Franck Mortreux
  • E-mail :[email]
  • Phone : +33 4 72 72 86 63
  • Location : Lyon, France
Last update 2021-02-18 12:14:49.255

Franck Mortreux RNA processing during HTLV-1 associated leukemogenesis

Course and current status

Since 2010 : INSERM scientist at Laboratory of Biology and Modeling of the Cell (LBMC), Ecole Normale Supérieure de Lyon, Lyon (France)

2008 : HDR, Université de Lyon 1

2003-2010 : INSERM Scientist at Centre Léon Berard, Lyon, France. Eric Wattel's lab

2001-2002 : Post-doc at the Fusagx Gembloux (Belgium). Luc Willems' Lab

1997-2001 : PhD in Fondamental Virology, Université Paris 7 (France). 

Scientific summary

My work focuses on molecular mechanism that regulates leukemogenic processes during the infection by HTLV-1, the causative agent of the adult T-cell leukemia/lymphoma (ATLL) and various inflammatory diseases. I initiated these works during my PhD with Eric Wattel at the Institut de Recherche sur le Cancer de Lille (IRCL, France). In particular, we evidenced that HTLV-1 replicates via the clonal expansion of infected cells in a context of cellular genomic instability that contributes to the outcome of ATLL and the genomic diversity of HTLV-1. These findings were further confirmed and extended to the Bovine Leukemia Virus during my postdoctoral internship in Luc Willems’ lab at FUSAgs Gembloux (Belgium). 

I joined INSERM in 2002 and I pursued my work in Lyon (France) in the Centre Léon Bérard (CRCL), where I created my own group in the E. Wattel's team. I obtained my HDR in 2008. During the next 3 years, my activities focused on molecular mechanisms involved in the viral persistence of HTLV-1 and other deltaretroviruses (HTLV-II and BLV) by deciphering how viruses hijack cellular processes to reprogram gene expression. In particular, our work has uncovered mechanisms by which HTLV-1 promotes transcriptional changes involved in telomere maintenance. In 2011, my group joined the Laboratory of Biology and Modeling of the Cell (LBMC) at ENS-Lyon where I initiated studies evaluating post-transcriptional regulations upon HTLV-1 infection, including miRNA expression and alternative splicing of coding-RNAs. I was also involved in translational research (CHRT INSERM) with the Hospices Civils de Lyon. In this framework, we defined alternative splicing modifications as potent prognostic markers in acute myeloblastic leukemia.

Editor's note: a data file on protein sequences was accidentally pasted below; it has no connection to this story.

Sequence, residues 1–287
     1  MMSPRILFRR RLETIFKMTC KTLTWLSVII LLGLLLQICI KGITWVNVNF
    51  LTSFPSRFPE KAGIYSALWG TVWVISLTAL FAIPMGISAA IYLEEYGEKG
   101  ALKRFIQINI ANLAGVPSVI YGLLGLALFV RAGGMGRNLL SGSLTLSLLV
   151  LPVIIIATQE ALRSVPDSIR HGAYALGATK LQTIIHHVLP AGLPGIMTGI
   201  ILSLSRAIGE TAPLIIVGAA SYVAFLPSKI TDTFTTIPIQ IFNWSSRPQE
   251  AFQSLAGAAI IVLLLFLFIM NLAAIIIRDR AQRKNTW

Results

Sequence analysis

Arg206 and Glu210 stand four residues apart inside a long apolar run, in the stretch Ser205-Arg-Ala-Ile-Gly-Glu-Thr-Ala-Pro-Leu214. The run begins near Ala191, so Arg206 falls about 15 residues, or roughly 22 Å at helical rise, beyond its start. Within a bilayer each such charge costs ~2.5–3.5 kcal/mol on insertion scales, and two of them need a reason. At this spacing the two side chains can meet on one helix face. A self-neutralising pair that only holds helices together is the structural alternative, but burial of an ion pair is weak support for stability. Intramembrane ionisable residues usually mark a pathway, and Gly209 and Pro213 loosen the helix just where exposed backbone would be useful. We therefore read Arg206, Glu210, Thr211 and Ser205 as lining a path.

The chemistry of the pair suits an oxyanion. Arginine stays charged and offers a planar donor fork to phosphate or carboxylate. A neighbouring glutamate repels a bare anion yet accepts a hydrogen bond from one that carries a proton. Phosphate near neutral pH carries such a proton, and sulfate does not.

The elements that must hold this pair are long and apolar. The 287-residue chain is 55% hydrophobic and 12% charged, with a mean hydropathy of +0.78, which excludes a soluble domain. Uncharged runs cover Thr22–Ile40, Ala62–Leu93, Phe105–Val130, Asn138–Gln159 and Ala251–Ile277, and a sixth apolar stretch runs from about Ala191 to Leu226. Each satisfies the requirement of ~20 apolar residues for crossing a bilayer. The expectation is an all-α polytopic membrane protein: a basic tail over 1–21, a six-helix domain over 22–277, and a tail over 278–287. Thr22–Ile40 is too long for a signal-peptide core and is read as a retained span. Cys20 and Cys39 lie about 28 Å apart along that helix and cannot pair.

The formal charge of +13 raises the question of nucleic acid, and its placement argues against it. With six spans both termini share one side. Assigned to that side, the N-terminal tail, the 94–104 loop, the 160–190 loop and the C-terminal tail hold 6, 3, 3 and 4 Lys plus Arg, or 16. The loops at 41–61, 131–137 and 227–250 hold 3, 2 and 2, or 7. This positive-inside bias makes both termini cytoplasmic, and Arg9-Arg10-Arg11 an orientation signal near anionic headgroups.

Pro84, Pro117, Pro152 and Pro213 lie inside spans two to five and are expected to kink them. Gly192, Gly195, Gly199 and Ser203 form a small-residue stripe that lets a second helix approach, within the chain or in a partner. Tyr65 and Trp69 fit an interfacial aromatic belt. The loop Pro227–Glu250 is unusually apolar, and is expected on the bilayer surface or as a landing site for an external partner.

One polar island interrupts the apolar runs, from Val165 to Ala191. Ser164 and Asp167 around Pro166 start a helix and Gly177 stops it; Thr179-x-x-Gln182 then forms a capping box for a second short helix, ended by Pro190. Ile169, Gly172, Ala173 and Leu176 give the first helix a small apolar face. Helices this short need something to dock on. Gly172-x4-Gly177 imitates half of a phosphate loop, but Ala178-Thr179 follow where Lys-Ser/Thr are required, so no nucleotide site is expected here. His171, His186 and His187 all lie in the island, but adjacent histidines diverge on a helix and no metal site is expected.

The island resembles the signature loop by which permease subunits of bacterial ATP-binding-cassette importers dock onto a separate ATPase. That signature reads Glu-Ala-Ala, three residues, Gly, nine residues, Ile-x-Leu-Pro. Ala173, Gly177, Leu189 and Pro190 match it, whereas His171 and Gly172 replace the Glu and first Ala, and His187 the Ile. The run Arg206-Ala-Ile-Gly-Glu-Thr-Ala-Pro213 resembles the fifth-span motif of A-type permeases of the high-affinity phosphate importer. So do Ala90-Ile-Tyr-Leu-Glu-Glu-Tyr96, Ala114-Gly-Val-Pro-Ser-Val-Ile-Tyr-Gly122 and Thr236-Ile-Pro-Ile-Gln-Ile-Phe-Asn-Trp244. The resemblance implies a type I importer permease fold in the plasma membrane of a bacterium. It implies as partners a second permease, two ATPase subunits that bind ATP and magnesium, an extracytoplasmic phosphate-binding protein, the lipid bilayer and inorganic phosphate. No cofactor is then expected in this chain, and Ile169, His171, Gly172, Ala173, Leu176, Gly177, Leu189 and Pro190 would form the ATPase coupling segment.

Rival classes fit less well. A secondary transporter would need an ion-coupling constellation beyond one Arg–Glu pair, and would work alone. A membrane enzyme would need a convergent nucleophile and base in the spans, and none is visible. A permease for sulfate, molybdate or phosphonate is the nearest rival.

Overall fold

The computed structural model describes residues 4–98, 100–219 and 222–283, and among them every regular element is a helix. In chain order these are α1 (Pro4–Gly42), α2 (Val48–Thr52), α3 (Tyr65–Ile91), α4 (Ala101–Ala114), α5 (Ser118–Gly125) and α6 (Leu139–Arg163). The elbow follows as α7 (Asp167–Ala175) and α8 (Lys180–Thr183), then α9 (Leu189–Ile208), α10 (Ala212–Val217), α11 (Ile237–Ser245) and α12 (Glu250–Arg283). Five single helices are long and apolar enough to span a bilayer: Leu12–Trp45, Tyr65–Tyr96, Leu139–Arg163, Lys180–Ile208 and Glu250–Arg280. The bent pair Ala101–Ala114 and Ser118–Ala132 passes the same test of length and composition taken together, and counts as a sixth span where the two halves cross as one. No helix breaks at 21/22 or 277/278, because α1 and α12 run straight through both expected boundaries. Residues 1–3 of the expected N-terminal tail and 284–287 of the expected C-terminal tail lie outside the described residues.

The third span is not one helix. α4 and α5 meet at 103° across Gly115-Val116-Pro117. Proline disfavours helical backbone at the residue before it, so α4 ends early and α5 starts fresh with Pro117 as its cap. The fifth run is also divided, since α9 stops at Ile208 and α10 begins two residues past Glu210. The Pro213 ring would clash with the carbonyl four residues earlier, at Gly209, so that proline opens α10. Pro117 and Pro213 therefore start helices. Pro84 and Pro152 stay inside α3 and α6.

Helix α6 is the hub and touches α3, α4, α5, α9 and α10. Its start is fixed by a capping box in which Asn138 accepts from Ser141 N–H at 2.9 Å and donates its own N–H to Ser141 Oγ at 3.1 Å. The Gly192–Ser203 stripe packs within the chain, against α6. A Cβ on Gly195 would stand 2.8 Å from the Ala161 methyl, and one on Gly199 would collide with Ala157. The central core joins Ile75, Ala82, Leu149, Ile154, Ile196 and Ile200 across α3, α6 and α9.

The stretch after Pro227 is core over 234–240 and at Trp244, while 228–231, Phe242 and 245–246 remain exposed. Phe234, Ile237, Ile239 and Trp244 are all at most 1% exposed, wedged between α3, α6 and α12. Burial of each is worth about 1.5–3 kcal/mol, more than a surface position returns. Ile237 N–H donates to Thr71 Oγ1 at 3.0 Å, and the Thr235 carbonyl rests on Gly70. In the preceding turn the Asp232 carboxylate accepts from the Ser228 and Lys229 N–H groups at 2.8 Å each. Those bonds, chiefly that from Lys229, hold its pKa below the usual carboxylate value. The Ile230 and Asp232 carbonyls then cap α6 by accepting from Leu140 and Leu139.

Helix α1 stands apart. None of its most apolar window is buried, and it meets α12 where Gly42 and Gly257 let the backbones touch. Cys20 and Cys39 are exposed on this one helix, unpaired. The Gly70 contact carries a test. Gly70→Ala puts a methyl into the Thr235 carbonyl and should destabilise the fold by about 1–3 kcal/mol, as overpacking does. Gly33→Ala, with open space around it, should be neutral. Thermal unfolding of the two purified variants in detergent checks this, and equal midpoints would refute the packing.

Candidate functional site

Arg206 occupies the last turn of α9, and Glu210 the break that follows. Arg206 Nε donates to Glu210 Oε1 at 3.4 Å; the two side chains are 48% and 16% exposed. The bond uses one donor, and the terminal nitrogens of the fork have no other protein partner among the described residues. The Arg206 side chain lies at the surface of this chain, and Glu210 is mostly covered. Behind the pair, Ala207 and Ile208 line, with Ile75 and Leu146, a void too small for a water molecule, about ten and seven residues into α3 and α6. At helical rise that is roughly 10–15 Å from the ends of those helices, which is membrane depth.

At the methodological level, my group has implemented various approaches including limited-dilution cloning of primary T-CD4+ cells, large-scale analysis of gene expression both at the whole transcript and exon levels, microRNA quantification assays (chips and TLDA), mass spectrometry analysis of transcription factors using DNA affinity precipitation assays (DAPA), and more recently, tools for assessing changes in 3D chromatin conformation (Hi-C, 3C and 4C). 

My current projects focus on molecular mechanisms linking the chromatin topology to alternative splicing decisions involved in synthesis of linear and circular isoforms of RNAs during the HTLV-1-associated leukemogenesis. 

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